SAN FRACISCO: California regulators ordered Uber to stop its newly launched self-driving car service in San Francisco until it gets a state permit.
Uber started a public pilot program Wednesday morning, and hours later, the California Department of Motor Vehicles sent a letter warning legal action if the company didn't get the permit required for putting "autonomous vehicles" on public roads.
In a letter obtained by The Associated Press, DMV officials wrote that Uber "must cease" deploying the cars or face unspecified legal action.
Uber knew about the permit requirement but argued that its cars do not meet the state's definition of an "autonomous vehicle" because they require a person behind the wheel to monitor and intervene if needed.
Uber says that passengers in San Francisco can now use its app to summon a ride in a car that can drive itself.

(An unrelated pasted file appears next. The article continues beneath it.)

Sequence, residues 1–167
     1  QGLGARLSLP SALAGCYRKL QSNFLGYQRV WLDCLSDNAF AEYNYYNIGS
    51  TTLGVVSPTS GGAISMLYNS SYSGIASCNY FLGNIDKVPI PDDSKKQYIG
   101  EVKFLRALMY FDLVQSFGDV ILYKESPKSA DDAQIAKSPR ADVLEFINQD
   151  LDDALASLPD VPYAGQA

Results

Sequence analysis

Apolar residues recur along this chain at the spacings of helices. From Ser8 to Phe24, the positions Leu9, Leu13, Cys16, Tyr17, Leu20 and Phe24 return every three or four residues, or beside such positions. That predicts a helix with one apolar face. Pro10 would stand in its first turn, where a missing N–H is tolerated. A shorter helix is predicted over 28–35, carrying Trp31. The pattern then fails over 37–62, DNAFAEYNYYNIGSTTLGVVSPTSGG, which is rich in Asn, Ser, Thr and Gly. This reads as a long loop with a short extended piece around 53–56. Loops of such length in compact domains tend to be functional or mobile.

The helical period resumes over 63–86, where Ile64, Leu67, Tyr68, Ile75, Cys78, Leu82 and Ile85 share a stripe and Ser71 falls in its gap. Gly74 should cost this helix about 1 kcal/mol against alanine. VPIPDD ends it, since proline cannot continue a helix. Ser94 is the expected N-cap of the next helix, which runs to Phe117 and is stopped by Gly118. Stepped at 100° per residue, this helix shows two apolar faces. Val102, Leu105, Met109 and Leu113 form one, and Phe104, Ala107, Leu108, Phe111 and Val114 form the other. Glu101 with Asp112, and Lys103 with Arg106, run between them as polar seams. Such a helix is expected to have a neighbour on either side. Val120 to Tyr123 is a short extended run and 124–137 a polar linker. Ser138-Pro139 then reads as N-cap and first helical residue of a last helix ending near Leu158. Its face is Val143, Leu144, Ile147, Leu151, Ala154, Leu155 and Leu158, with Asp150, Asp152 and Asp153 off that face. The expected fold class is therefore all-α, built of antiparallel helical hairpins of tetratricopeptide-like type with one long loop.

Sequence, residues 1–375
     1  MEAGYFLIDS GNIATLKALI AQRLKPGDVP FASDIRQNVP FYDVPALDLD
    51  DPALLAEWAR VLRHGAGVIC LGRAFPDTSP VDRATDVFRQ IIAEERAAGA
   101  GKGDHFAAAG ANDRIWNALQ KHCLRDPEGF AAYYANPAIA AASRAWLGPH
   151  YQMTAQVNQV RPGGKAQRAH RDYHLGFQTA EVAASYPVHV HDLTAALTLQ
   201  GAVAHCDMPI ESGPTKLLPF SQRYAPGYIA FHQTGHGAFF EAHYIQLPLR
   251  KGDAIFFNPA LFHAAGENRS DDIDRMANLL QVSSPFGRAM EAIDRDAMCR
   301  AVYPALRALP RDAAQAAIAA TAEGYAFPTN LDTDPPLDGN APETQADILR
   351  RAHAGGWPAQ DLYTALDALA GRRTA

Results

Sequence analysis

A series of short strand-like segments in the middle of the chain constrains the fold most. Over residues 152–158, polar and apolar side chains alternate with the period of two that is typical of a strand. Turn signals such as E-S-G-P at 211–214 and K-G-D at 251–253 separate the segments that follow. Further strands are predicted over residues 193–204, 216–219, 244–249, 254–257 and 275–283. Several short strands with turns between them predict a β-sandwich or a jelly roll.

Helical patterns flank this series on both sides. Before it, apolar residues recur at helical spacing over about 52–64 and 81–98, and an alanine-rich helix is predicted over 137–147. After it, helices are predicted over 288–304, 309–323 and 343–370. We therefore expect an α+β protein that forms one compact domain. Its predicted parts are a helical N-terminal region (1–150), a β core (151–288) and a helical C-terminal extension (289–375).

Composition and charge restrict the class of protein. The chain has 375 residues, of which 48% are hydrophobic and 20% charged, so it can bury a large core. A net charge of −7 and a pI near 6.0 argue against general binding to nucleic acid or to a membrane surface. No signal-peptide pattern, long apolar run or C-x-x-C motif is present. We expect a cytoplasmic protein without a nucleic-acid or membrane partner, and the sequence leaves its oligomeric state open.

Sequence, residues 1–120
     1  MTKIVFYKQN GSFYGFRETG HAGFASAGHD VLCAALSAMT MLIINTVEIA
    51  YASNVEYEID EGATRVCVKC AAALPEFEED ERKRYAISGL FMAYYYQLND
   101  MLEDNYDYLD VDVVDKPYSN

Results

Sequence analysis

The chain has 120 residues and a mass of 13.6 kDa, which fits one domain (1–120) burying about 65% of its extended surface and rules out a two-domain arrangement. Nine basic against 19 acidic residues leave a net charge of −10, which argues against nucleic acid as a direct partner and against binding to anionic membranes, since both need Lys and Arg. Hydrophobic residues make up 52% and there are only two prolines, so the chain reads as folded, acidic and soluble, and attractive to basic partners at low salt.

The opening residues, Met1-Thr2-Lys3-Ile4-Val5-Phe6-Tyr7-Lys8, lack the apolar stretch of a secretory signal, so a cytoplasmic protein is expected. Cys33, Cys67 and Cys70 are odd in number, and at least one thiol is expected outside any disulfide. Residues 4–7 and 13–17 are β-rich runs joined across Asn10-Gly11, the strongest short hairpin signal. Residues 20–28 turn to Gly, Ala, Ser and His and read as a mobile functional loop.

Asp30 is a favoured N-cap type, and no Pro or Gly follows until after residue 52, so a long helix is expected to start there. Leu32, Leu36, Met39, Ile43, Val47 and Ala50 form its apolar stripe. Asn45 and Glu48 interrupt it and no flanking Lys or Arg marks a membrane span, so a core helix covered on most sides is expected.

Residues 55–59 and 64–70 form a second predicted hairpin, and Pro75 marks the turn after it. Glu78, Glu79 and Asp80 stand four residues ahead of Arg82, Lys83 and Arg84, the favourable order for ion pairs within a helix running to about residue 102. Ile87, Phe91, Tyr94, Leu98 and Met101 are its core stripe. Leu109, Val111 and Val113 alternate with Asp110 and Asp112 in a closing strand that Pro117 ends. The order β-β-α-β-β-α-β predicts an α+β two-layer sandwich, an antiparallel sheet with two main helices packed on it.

While Wednesday's launch may set the tech-steeped city abuzz, it could also antagonize California regulators, who require permits for testing self-driving prototypes in public.
Uber interprets the rules differently, arguing it doesn't need a permit because a human still needs to be behind the wheel, monitoring the technology and ready to seize control.
The move into Uber's hometown builds upon a public pilot program the company started in Pittsburgh in September.
In San Francisco, Uber is deploying a "handful" of Volvo luxury SUVs that have been tricked out with sensors so they can steer, accelerate and brake, even decide to change lanes.